Shiva Gita (study and summary)

by K. V. Anantharaman | 2010 | 35,332 words

This page is entitled “introduction (devotion—a vital means of liberation)” contained in the Shiva Gita (Study and English comments by K. V. Anantharaman). The Shiva Gita is a philosophical text from the Padma-purana in the form of a dialogue between Lord Shiva and Shri Rama. It deals with topics such as Advaita metaphysics and Bhakti and consists of 768 verses.

Introduction (Devotion—a vital means of liberation)

1.1.0 Spiritual Texts

Spiritual texts are of two types—the learned philosophical treatises (śāstras) that appeal to the intelligence with the nuances and subtleties of logic etc. which explain the experience of divine. And the fervent devotional hymns (stotras) that explain through mystic teaching and spiritual vision, the Omniscience, Omnipresence and Omnipotence of Supreme Being, available to the spiritual aspirant in search of the ultimate truth. There is no watertight distinction between these since both categories convey the devout experience and are authentic expression of devotion. Śiva Gītā combines the features of both the śastra and stotra.

1.2.0 Rāma’s conversation with Śiva

In Śiva Gītā, the conversation is between Śrī Rāma and Lord Śiva. After the abduction of Sītā, Rāma is depressed and is in anger. At this point Sage Agastya appears in front of Rāma to teach vairāgya and upon Rāma’s insistence to get Sītā recovered first, teaches him Śivasahasra nāma and advises him to propitiate Lord Śiva who will bestow him Pāśupata arrow to enable him conquer Rāvaṇa. After bestowing Pāśupata, Lord Śiva imparts spiritual teaching in order to elevate Rāma to higher realms and transmits the knowledge of the Self to Rāma to get over anger and agony and obtain lasting peace, thereby facilitating all the spiritual aspirants to derive the benefit of the spiritual knowledge unlike the Bhagavad Gītā which preaches the spiritual knowledge to get over sorrow and delusion.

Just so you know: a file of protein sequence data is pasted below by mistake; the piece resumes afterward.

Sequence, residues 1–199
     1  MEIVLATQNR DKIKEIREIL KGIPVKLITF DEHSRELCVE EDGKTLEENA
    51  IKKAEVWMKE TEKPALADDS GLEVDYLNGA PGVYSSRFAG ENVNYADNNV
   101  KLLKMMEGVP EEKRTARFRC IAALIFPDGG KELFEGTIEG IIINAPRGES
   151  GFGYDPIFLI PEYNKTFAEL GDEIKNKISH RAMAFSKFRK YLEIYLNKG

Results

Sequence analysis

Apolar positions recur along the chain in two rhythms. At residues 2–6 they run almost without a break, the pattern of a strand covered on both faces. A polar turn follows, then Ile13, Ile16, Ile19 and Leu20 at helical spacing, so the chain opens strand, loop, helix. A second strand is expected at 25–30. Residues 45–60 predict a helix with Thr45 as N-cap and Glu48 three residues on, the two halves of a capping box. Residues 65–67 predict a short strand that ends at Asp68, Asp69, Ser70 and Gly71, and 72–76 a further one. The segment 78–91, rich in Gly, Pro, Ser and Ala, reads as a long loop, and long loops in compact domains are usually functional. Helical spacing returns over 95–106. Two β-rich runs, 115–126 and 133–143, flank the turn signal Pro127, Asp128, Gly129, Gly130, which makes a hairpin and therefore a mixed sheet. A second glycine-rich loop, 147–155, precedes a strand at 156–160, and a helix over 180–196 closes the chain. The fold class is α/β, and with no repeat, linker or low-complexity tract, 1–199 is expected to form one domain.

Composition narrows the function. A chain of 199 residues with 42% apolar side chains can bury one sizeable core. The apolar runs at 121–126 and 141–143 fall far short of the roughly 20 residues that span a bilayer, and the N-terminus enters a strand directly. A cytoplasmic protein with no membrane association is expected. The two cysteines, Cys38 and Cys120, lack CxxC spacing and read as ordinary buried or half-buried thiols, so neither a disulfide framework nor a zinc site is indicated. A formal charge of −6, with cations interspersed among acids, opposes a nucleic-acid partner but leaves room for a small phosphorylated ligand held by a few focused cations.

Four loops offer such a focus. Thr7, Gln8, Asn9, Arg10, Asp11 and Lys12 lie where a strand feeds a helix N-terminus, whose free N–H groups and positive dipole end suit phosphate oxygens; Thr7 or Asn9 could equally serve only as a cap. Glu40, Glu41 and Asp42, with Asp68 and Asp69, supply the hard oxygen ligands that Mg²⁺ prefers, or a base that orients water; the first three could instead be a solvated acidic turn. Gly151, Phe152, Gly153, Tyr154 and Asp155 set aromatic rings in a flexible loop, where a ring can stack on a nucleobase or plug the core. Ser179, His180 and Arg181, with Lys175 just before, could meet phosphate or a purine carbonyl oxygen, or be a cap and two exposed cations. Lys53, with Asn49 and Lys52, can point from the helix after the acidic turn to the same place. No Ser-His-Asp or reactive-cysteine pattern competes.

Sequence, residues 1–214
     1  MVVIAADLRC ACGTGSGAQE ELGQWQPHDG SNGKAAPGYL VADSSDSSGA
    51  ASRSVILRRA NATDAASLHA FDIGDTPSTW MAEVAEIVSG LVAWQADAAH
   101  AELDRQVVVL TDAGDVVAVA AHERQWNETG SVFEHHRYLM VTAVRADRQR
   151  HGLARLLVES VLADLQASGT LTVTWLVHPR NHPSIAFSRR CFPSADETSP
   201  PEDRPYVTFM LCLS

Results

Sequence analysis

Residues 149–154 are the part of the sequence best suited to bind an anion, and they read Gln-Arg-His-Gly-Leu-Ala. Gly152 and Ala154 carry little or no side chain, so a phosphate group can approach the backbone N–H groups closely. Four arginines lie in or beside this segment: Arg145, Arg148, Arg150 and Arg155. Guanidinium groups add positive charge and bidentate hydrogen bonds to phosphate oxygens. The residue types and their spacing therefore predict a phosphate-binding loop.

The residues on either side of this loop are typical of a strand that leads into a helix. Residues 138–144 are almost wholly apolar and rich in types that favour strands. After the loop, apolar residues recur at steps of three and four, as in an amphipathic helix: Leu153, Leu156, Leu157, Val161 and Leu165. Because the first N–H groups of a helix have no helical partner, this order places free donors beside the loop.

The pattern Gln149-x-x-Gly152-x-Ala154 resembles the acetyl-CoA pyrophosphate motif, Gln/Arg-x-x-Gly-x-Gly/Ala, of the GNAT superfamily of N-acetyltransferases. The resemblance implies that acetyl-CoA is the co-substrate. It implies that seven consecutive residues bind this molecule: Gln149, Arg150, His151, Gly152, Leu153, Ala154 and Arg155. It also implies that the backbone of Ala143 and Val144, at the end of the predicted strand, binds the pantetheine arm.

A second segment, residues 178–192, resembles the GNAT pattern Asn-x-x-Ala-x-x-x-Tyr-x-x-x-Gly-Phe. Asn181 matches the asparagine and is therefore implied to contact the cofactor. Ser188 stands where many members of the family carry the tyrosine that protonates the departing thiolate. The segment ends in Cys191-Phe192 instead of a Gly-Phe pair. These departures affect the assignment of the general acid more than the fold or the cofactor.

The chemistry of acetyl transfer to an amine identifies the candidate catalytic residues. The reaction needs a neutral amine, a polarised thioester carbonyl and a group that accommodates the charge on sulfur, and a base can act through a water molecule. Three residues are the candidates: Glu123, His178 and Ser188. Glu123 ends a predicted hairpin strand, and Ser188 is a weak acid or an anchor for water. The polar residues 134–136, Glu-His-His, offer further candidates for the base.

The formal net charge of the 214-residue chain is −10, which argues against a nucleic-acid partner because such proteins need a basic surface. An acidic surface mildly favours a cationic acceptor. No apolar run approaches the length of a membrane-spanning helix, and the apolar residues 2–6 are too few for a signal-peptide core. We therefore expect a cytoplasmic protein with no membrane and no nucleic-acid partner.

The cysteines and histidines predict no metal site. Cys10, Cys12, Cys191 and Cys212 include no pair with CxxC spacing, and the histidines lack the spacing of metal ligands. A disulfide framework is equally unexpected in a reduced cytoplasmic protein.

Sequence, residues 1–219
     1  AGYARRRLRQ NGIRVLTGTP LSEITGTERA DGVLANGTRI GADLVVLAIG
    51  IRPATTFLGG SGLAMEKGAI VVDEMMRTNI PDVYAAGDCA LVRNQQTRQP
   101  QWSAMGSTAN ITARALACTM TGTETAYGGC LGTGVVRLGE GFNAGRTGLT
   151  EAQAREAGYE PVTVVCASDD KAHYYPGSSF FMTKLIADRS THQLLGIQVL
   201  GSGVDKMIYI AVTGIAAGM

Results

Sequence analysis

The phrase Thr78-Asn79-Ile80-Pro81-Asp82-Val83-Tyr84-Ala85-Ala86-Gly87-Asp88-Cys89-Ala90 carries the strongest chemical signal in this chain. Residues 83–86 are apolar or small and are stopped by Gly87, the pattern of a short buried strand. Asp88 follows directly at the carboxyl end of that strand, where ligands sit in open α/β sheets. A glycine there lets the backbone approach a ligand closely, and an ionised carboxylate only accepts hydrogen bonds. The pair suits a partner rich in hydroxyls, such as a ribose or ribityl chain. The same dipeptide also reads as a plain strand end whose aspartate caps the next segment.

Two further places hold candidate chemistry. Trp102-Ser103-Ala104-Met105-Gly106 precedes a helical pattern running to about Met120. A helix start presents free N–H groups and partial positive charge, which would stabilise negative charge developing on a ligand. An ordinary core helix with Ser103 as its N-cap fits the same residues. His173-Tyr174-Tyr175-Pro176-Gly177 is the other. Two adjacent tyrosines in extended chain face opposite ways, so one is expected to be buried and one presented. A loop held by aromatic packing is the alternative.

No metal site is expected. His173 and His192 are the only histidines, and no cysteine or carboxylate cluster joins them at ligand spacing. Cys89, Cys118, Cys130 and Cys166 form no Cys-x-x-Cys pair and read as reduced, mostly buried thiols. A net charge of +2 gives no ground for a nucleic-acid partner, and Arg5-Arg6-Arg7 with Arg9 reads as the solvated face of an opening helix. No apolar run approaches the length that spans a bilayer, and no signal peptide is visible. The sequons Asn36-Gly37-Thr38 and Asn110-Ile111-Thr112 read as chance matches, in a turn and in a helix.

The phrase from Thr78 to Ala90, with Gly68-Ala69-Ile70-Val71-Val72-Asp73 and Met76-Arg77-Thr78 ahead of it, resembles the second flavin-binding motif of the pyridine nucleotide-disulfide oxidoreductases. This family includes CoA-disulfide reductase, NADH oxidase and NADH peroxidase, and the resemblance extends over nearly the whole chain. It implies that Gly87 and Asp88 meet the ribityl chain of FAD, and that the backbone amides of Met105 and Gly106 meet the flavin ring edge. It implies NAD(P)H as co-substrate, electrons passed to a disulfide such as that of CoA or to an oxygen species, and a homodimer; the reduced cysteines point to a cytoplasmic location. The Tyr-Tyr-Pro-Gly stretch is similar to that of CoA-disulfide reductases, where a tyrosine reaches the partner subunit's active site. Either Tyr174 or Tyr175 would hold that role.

1.3.0 Comparison of Śiva Gītā with Bhagavad Gītā

There are striking parallels in Śiva Gītā and Bhagavad Gītā in quite a few places Abhijñāna Śākuntala if resounding echoes. Six verses (provided in appendix) are verbatim reproductions while 32 verses are very much similar in form, import and content. There is no cause of wonder because both these Gītā texts have emanated from the pen of great Bādarāyaṇa, Veda Vyāsa.

1.4.0 Origin of Śiva Gītā

The Śiva Gītā forms part of Uttara-khaṇḍa of Padma-purāṇa. Parama Śivendra Sarasvatī says in his commentary on Śiva Gītā [1-36] that it belongs to the Padma-purāṇa:

“asminneva padmapurāṇe vedasārākyaṃ iti nāmaviśiṣṭaṃ śivanāmasahasrakaṃ ‘namaḥ parāya ityādikam’”.[1]

Main thrust of this work is on the philosophy of Advaita that follows the Upaniṣads and the Brahma-sūtra Abhijñāna Śākuntala its source of authority.

1.5.0 Śiva Gītā—the ancient

Śiva Gītā gives essence of major Upaniṣads in general and Śaivopaniṣads in particular. A list of 64 gītās is given in appendix and Śiva Gītā is one of the prominent of the same. This could be the fore runner of Bhagavad Gītā Abhijñāna Śākuntala this conversation between Lord Śiva and Śrī Rāma took place in Tretā yuga (“rāmaṃ nimittīkṛtya lokānugrahārthaṃ ayaṃ gītopadeśaḥ, na Taittirīya Upaniṣad rāmaṃ prati”)[2] where Abhijñāna Śākuntala the Bhagavad Gītā conversation in the Kurukṣetra war field took place in subsequent Dvāpara yuga. The authenticity of one Primary God’s (Lord Śiva) advice to another Primary God’s (Viṣṇu) incarnation, has been suitably modified by the recipient Primary God’s another incarnation to suit mankind and delivered to a human hero Arjuna in the form of a dialogue set in battlefield. In Bhagavad Gītā , Arjuna is “nimittamātram[3]. Thus it is observed that the seed of Bhagavad Gītā has been sown in Śiva-gītā.